Squid Game (or “The Squid Game”) is anything but the typical light or cloying Korean television drama.
In a scathing reference to current life in South Korea, viewers are presented with a story of violence, betrayal, and despair.
All of this unfolds around a series of ghoulish games in which its players literally fight to the death.
Despite its brutal content, the show has captivated audiences around the world, becoming Netflix’s most-watched series in at least 90 countries.
The drama takes viewers on a high-suspense journey through nine episodes in which a group of people mired in debt and personal misfortune enter a series of six survival games, inspired by typical Korean children’s games. South.
The losers will die through a ruthless process of elimination, with the sole winner taking home 46.5 trillion South Korean won (about US $ 40 million).
The first episodes show the circumstances that have led the central characters to put everything at stake.
They have had very different lives, but each of the characters is mired in debt and misery.
An unemployed person who goes into debt for failed businesses and gambling joins a failed fund manager. An elderly man with cancer plays alongside a North Korean defector.
A Pakistani immigrant worker and a member of an organized criminal gang, along with hundreds of others who have fallen out of favor with South Korean capitalism, are risking it all.
Squid Game joins other recent South Korean film productions, notably the 2020 Oscar-winning film Parasite, by offering a sharp critique of the socioeconomic inequality that plagues the lives of many citizens of the country.
More specifically, it talks about the deepening of the household debt crisis affecting the middle and lower classes.
Debt and inequality
Household debt in South Korea has risen sharply in recent years to exceed 100% of its GDP, the highest in Asia.
The top 20% of the nation’s earners have a net worth 166 times greater than the bottom 20%, a disparity that has increased by 50% since 2017.
South Koreans also face rising debt relative to income, and a recent rise in interest rates. This has left those who lack the resources to cope with unforeseen events, such as a sudden layoff or a family illness, in an even more precarious situation.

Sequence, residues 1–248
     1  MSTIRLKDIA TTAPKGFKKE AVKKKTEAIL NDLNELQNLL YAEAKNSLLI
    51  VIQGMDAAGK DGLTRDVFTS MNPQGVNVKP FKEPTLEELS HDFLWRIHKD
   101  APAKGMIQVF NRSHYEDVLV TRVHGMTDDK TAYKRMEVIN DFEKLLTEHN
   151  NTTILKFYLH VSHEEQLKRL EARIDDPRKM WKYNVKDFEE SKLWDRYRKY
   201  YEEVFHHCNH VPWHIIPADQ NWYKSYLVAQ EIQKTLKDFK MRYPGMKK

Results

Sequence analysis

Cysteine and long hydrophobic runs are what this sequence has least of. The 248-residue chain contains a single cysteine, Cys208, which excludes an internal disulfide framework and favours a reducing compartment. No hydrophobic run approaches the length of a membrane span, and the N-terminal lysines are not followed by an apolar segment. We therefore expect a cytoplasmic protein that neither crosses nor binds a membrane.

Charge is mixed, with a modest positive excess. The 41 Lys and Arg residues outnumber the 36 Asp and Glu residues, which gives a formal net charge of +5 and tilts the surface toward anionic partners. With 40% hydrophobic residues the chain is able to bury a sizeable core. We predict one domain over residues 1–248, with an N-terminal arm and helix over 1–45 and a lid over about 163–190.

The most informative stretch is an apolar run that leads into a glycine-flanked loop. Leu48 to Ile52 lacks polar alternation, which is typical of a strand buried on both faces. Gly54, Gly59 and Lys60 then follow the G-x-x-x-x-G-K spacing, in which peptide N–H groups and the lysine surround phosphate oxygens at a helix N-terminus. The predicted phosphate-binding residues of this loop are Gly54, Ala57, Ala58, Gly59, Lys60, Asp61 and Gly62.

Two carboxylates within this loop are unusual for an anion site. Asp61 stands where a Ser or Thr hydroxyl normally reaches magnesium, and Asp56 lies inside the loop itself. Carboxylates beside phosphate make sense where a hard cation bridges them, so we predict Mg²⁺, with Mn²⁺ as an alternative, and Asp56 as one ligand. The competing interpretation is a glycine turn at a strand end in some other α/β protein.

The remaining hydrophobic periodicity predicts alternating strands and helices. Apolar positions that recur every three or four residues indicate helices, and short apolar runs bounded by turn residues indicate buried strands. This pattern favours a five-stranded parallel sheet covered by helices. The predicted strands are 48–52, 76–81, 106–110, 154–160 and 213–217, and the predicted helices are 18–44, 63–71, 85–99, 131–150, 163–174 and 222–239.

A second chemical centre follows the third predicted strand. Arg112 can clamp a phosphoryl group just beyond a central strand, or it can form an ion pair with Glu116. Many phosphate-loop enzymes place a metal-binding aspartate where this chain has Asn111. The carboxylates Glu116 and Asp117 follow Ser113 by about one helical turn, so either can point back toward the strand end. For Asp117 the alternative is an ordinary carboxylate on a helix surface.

The Gini index that measures the distribution of national wealth places South Korea close to the United Kingdom and in a better position than the United States.
However, rising youth unemployment, rising house prices and the global pandemic have reversed the modest reduction in inequality experienced in recent years under the progressive government of Moon Jae-in.
Families are going into debt to pay for housing and education costs, an essential expense for the middle classes who hope to ensure their children get to the college they want.
But it’s not just families. In August, the South Korean government announced new credit restrictions aimed at reducing debt among the youngest. Millennials and those in their 30s owe the most relative to their income.
But attempts to curb borrowing have led some to turn to higher-cost, higher-risk lenders.
Such a choice leaves many at the mercy of debt collectors if the slightest change in their circumstances causes them to default.
While few can be found in the hands of criminal groups threatening to remove their organs for sale, as shown in Squid Game, the burden of overwhelming debt is a deepening social problem, not to mention the leading cause of suicide in South Korea.
Players, winners and losers
The inclusion in Squid Game of other characters representing disadvantaged minorities in South Korea highlights the consequences that socioeconomic inequality has for these groups as well.
The cruel exploitation by a factory employer of a migrant worker who is forced into the game is representative of barriers to upward mobility for those in South and Southeast Asia.
North Korean defectors are also listed as individuals who must fight on many fronts to achieve both financial stability and social inclusion.
The series pokes fun at Christianity and repeatedly expresses the increasing shift in public opinion of the rapid development of South Korea during the 1970s and 1980s and its connection to the growth of the church at that time.
The so-called Protestant work ethic was the cornerstone of South Korea’s authoritarian-era economic “miracle”.
During three decades of ambitious economic plans, the country was transformed into a high-income economy. Throughout this time, worldwide success was seen as a sign of blessing and megachurches were on the rise.
Yet corruption was rife among politicians and chaebol families (huge family-dominated business groups) who served as church elders as they embezzled funds and built their private empires.
Unsurprisingly, disillusionment with some members of the political elite and the church has led many in an increasingly secular country to dispute the truth of Christianity’s claim to serve the poor and oppressed in South Korea.
Of course, this is not an exclusive South Korean story. People from all over the world can relate to the characters in “The Squid Game”, their problems and their humanity.
Economies similar to South Korea are experiencing many of the same challenges, exacerbated by the ongoing pandemic.
Squid Game brutally reminds the winners of each stage, and the show’s global audience, that those who succeed often do so at the expense of those who failed through weakness, discrimination, poor judgment, or just plain bad luck.
The final episode hints at the possibility of a second series, but even if it doesn’t continue, Squid Game makes it clear that the story it represents is far from over.
(Taken from BBC)